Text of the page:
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Storage of second hand clothing at risk as COVID-19 batters collection systems

 

It may become harder to find second-hand clothing in future as COVID-19 has put many clothing and textile bank collection systems at risk. In May ,the UK’s Textile Recycling Association said the average price of clothing left in textile banks fell from £130 a ton in March to £30 in April. The International Bureau of Recycling warned that the textile salvaging industry has entered a critical stage which threatens the existence of many collection, sorting and recycling operations.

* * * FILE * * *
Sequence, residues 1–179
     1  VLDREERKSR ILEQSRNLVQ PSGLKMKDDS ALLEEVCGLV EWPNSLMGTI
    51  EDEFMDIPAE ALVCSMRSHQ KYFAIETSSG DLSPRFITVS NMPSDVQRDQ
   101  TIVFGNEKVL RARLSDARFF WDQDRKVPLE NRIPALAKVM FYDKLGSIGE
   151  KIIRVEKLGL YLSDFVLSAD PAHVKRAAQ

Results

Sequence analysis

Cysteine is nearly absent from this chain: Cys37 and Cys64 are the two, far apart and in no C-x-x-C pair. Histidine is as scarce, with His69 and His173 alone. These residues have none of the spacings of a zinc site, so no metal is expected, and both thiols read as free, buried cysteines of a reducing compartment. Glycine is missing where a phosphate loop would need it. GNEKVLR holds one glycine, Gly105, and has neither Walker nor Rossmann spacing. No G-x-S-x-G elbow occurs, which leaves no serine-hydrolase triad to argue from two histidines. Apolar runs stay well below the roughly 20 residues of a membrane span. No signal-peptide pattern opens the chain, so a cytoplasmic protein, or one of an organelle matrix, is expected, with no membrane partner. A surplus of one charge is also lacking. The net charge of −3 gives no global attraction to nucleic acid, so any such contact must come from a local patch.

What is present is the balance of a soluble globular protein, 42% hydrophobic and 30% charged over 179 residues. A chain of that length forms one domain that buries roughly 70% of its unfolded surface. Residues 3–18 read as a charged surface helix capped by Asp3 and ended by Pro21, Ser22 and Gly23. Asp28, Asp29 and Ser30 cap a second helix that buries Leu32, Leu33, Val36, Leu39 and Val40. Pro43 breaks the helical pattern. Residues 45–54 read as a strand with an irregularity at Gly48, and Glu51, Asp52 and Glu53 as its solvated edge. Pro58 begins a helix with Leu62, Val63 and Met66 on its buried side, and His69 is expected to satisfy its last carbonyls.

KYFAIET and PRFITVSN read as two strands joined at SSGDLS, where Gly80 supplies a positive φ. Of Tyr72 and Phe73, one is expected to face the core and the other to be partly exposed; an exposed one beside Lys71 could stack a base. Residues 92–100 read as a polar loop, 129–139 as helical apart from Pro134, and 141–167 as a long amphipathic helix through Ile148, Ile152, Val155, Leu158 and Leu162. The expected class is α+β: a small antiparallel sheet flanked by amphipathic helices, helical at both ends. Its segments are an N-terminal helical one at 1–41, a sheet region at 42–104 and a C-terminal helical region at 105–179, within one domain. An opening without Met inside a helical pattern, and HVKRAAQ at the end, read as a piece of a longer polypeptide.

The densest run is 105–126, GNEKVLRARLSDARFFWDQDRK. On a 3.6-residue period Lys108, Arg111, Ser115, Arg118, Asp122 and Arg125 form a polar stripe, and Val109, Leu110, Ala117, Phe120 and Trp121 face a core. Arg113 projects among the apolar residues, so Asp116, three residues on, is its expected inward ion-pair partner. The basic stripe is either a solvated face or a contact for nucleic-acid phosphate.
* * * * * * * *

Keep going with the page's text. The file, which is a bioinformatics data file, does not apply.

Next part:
Closure of retail outlets around the world has led to a glut of raw materials and finished products. This has pushed the price of raw materials so low that it’s often not economically viable for textile recyclers to collect them. In future, this could reduce the supply of second-hand clothing further down the line.

A May report by UK’s Textile Recycling Association revealed the average price of materials left in textile banks had plunged from £130 a ton in March to £30 in April, with further declines expected. Even in the more positive scenarios, it would take 18 to 24 months until the current stocks have been reduced to normal levels and business is normalized.

 
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